When I was diagnosed in 1996 and my doctor suggested metformin, no one knew how it worked. I told him I was hesitant to take a drug when no one knew what it did. He agreed about the lack of knowledge but then said, “However, we do know what high blood glucose (BG) does, and it’s not a pretty picture.”
So I reluctantly decided to give the drug a try. And metformin, plus a drastic change in diet, did bring my BG levels down to close to normal ranges.
Not long after that, they discovered that metformin keeps the liver from dumping a lot of glucose into the bloodstream. And after that they decided it did so by increasing levels of a molecule called AMPK.
AMPK is known as the “energy sensor” of the cell. When your cellular energy levels are low, meaning you’re not producing a lot of ATP (known as the “energy currency” of the cell), you produce more AMPK. This hypothesis continued to be accepted as true.
But now, ne...
The drug metformin is not recommended for people with
kidney disease. For this reason, some people think that metformin causes kidney disease. But new evidence
suggests that metformin might actually protect the kidneys.
For many people with type 2 diabetes , metformin is a very
effective drug. In everyone, the liver is a sort of "mother" organ. When blood
glucose (BG) levels go down, the liver releases some glucose into the blood to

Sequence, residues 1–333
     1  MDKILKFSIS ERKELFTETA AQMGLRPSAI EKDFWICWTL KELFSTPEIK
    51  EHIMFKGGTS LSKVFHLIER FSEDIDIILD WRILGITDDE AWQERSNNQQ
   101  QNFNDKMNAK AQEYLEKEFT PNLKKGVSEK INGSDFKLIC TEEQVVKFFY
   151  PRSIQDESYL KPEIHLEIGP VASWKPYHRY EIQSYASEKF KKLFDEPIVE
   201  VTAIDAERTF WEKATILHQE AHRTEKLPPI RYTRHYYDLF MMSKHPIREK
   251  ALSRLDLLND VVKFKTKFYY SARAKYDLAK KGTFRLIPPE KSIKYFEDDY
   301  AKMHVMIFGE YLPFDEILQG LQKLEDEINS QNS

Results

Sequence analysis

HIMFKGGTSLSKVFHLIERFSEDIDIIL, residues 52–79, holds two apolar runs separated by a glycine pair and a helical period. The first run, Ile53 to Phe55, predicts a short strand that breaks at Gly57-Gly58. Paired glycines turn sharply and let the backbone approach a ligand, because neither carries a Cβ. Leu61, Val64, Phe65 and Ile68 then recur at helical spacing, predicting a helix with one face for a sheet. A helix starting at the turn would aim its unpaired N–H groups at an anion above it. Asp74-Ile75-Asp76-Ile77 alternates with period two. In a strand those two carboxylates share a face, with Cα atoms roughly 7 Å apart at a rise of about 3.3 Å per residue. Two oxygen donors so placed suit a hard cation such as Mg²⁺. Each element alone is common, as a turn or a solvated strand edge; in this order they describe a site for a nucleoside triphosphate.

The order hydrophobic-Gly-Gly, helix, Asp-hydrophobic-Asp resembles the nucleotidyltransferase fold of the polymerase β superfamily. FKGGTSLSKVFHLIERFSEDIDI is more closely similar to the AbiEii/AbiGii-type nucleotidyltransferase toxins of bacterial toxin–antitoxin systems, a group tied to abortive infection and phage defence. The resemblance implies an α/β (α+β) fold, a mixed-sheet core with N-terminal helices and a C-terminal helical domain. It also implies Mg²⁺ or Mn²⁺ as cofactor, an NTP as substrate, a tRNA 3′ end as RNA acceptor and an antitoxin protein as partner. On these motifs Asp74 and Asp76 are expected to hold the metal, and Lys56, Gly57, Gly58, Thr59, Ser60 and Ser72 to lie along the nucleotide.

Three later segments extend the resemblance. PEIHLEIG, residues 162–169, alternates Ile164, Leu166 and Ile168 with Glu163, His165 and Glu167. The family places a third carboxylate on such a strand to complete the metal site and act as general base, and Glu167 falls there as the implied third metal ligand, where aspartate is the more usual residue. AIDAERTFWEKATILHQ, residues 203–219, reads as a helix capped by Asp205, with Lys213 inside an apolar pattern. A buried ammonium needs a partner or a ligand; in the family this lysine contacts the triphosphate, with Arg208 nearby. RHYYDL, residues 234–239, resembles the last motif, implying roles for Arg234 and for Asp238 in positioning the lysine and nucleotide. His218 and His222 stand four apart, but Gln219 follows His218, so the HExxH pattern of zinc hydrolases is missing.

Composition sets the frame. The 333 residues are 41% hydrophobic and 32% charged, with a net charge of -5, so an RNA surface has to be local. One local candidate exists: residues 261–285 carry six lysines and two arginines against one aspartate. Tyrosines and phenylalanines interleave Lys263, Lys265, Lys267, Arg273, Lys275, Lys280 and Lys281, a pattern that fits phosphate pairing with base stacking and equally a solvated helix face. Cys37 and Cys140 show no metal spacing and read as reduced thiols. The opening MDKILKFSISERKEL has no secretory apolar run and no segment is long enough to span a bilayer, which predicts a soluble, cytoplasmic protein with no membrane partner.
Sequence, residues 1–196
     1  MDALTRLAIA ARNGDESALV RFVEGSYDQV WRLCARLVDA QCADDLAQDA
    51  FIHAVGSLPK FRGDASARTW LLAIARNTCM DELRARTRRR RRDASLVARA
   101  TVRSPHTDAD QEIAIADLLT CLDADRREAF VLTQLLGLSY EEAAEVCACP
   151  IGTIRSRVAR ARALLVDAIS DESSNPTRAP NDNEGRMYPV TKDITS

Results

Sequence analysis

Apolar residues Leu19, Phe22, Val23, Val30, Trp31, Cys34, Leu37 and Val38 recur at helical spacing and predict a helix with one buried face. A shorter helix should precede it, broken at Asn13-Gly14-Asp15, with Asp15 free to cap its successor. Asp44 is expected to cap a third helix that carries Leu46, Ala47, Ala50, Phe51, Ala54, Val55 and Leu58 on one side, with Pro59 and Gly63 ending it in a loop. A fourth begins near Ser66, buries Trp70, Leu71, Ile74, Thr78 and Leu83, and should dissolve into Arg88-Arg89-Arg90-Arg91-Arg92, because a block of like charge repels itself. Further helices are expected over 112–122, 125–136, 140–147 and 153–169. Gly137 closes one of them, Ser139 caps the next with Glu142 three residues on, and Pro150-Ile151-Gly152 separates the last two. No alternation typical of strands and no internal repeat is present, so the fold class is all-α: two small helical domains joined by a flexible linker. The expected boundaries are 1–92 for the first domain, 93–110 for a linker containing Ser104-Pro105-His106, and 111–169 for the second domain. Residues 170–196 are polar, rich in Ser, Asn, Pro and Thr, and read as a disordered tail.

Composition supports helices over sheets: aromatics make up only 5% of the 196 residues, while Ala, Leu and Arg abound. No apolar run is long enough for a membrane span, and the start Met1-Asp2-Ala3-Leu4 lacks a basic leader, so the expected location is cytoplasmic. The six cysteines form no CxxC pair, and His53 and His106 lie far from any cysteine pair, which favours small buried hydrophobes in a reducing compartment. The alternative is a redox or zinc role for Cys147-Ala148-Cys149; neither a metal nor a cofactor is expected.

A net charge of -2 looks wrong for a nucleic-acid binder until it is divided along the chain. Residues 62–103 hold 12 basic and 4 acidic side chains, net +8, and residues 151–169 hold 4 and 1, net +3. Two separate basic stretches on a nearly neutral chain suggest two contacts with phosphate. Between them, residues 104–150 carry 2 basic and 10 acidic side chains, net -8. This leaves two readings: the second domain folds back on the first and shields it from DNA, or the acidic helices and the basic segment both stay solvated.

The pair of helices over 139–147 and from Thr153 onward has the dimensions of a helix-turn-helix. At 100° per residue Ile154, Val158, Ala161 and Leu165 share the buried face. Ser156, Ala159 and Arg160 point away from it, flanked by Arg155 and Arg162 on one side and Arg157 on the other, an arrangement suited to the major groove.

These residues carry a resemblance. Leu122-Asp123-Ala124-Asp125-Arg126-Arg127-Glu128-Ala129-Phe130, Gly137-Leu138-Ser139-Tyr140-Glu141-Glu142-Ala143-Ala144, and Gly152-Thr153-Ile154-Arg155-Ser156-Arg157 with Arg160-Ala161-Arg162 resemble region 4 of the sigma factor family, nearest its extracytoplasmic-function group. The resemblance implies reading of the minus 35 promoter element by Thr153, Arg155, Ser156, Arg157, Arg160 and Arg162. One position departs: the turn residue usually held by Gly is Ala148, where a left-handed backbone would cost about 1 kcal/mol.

make sure all the other organs get enough glucose energy to work properly.
When you eat and your BG levels start going up, the liver
is supposed to stop pushing all this glucose out into the bloodstream.
But for some reason, in people with type 2 diabetes, like
an oversolitous mother, the liver doesn't stop feeding the bloodstream after
meals. "Eat eat!" I can hear it say to a bloodstream already stuffed with
glucose. And this continued release of glucose into the bloodstream after
meals is one reason people with type 2 go high after me...
A recent report again reaffirms that metformin is the first medication to use when a patient with type 2 diabetes (T2D) needs help with lowering blood glucose levels. The 200+ page report, Oral Diabetes Medications for Adults With Type 2 Diabetes: An Update , was prepared for the Agency for Healthcare Research and Quality by the Johns Hopkins University Evidence-based Practice Center. It is loaded with tables and discussions, but the conclusion is strikingly brief: "Although the long-term benefits and harms of diabetes medications remain unclear, the evidence supports use of metformin as a firstline agent. Comparisons of two-drug combinations showed little to no difference in HbA1c reduction, but some combinations increased risk for hypoglycemia and other adverse events."
To summarize the findings from the report: An older diabetes drug, metformin, works better, and has fewer side effects than newer drugs for T2D. It's also cheaper, as it's been available as a generic for y...
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